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What are some tools I can use to create 2d tile based maps?

Please provide the information below, and try to limit to one tool per answer.

  • Name
  • Link to website
  • General features
  • Export format
  • Anything else you deem noteworthy
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closed as off-topic by Byte56 Oct 14 '13 at 2:23

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9 Answers 9

up vote 23 down vote accepted

Tiled Map Editor

From the website:

  • General purpose tile map editor with XML-based map format
  • Supports orthogonal and isometric maps
  • Custom objects can be placed with pixel precision
  • Full undo/redo and copy/paste support
  • Add custom properties to tiles, layers, objects or the map
  • Automatically reloads tilesets when changed externally
  • Resize or offset your tile map later as needed
  • Efficient tile editing tools like stamp and fill brushes
  • Supports input/output plugins to open and save files in custom formats
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5  
If you are going to use this with XNA, I'd suggest using TiledLib. The library comes with a full content pipeline extension project that will parse and build the .tmx file along with a runtime library that allows access to the data in the map file. tiledlib.codeplex.com –  ElementCy Jul 14 '10 at 21:23
    
+1. This is an excellent tool. You can write your own map exporter plugin, if you so wish, + it's open source so you can tweak it to your own/team's needs. –  Jānis K Jul 30 '10 at 17:15
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Minimal Javascript Tile-based Map Editor

http://samlancashire.com/mapeditor

I made this for my own game, but decided to polish it up a bit for general use. It's very simplistic, but will get the job done.

Exports map as two-dimensional javascript array. The array items contain the coordinates of the tile relative to the tileset. For example

map1[x][y] = '0,0'; //would be top left tile in tileset
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Tume. http://en.wikipedia.org/wiki/TUME Worth it if just for watching their tutorials on how they approached certain problems (they use layers in many more ways than for tiles, which is very smart as it allows you to be game agnostic without forcing a paradigm on the user). Interesting features, used for numerous commercial games back in the day. No parallax editing (would be hard anyhow, as the parallax layers are generally driven by logic - you'd need your game as a plugin - which brings me to the following point - your game makes a great map editor. I have always done in game editing, it allows you to "live preview" and sets you up for user generated content to boot.

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My old favorite was Deluxe Paint (that dates me). I currently use Paint Shop Pro which has a handy 'convert to seamless texture' feature. Not as good as a true tile-symmetry editor, but good in a pinch.

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Nothing beat Deluxe Paint! It was the best pixel pusher ever. –  Skizz Jul 30 '10 at 19:46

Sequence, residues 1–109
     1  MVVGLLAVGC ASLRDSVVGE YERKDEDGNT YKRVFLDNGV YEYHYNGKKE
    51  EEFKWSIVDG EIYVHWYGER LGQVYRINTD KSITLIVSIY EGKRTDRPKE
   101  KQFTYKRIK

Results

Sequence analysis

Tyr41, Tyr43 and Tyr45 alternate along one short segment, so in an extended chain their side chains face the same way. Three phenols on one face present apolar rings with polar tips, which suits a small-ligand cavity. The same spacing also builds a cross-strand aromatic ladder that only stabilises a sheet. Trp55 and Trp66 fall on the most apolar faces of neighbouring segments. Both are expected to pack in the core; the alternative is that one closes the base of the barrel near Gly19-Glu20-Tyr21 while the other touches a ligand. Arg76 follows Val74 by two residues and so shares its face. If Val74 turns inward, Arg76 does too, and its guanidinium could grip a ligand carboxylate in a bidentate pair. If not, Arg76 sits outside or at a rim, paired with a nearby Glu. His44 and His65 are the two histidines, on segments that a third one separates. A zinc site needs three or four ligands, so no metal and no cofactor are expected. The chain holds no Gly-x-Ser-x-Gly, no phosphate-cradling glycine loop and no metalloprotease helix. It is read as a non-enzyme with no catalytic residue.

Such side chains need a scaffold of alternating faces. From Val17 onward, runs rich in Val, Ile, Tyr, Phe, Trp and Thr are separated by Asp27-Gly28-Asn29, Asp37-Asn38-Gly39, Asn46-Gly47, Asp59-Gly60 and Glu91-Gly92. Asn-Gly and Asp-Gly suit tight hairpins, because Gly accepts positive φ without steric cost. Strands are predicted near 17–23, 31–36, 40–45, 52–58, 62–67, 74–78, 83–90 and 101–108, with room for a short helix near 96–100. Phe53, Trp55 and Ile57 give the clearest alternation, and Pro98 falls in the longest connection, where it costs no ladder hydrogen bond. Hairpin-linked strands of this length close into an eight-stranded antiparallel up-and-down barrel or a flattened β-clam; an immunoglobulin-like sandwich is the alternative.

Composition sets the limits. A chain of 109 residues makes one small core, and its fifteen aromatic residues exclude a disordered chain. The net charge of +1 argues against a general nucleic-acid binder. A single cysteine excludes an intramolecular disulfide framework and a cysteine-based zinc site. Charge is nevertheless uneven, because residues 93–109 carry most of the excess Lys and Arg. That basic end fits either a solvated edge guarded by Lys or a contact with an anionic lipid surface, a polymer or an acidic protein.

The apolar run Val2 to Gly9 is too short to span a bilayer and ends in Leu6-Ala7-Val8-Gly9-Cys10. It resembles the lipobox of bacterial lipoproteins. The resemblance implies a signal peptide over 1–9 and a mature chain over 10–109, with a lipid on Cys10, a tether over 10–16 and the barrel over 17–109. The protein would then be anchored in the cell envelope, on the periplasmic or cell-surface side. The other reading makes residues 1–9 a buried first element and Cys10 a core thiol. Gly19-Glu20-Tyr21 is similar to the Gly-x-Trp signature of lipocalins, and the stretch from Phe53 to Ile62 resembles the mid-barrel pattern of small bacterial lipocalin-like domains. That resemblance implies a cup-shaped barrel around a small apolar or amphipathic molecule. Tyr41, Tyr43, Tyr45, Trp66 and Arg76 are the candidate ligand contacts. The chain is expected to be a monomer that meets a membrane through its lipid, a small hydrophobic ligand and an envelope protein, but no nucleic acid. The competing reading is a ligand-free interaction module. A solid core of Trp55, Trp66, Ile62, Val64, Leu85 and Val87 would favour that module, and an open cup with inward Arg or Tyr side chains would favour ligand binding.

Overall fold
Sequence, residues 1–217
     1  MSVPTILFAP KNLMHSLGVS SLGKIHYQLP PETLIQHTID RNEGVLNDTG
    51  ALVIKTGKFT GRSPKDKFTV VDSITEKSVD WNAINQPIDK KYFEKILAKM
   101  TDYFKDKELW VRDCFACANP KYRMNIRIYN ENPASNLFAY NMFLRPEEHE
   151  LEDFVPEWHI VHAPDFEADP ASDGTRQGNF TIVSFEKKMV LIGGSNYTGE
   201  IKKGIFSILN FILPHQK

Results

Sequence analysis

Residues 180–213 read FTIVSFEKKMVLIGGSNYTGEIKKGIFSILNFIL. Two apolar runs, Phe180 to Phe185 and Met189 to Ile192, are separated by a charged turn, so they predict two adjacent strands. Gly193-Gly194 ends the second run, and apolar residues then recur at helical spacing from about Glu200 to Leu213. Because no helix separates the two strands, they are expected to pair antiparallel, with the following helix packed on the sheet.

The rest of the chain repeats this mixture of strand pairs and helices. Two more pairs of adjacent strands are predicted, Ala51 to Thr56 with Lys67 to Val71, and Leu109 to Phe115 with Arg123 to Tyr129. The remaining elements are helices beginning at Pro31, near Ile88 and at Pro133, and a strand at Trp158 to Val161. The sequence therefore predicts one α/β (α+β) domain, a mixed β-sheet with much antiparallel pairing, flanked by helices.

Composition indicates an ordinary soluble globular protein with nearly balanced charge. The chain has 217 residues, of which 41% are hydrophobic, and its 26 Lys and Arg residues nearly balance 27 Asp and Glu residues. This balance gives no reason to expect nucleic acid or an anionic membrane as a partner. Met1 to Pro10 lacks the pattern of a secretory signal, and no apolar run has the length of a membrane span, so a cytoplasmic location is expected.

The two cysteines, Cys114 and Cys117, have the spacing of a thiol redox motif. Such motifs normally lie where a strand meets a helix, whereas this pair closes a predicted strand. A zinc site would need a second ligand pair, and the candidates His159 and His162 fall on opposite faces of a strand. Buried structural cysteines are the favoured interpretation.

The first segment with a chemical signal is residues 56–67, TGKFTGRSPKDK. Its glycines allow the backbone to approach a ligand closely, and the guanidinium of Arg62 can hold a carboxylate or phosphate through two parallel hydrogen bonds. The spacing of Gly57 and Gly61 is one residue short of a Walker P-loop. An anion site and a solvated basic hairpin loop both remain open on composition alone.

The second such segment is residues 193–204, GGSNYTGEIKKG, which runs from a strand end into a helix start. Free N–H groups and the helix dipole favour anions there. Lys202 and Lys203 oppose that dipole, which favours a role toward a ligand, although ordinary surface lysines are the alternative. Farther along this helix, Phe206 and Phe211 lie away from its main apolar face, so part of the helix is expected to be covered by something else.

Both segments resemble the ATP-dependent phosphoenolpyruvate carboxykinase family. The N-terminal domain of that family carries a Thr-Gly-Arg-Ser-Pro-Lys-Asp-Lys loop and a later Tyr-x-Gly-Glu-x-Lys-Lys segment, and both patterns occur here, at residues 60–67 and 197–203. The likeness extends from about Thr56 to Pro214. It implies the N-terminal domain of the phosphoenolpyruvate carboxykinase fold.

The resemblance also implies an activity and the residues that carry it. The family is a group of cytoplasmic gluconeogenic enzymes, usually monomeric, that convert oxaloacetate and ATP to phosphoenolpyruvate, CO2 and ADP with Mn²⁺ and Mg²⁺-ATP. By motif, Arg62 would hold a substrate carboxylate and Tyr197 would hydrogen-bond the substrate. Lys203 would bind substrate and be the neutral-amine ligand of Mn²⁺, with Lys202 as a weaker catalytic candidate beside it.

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Cosmigo's Pro Motion is one of the old-school favorites, even though it's more of a paint tool than a level editor proper. Great for sprites as well as tiles; lots of "grid" functionality. Their features page details a lot of this, and talks about new tile map functionality:

* RGB channel depth can be selected from 222 to 888
* 16 color PNG support
* Optimize tile based graphics for hand held systems that have a limited number of colors per tile like Gameboy Advance etc.
* Support for tile painting to create endless textures
* Tile map editor with auto optimization, mirroring, felxible export
* AnimStrip files can be created containing frames side by side in a bitmap, PNG/BMP
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Tile Studio

Free, Open Source

Basic pixel editing features for creating tiles. Supports importing from BMP,PNG,etc. Exports your tile maps as source code in various languages.

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It might be worth creating your own level editor and integrating into your game - then you can also allow players to create their own levels.

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Ogmo Editor

From the website:

Here's How It Works

After deciding to use Ogmo Editor for a game, the first step is to write up a "project file" for that game. A project file is just an XML file defining all the tilesets, objects, layers and settings for a project. Once you've got that done, you open it in the editor and you're good to go - you can start creating, editing, saving and re-opening levels. If you need to, you can add new tilesets and objects to your project along the way and all your old levels remain compatible, so you aren't required to define every asset you'll eventually use right away.

Getting Your Levels Into Your Game

Exported levels are just XML files, and the format is largely defined by you in the project file. Ogmo Editor was designed with Flash in mind, but most modern programming languages have robust XML support. If you're lost, check out the tutorials section - there might be an article on using Ogmo Editor with your language or library of choice.

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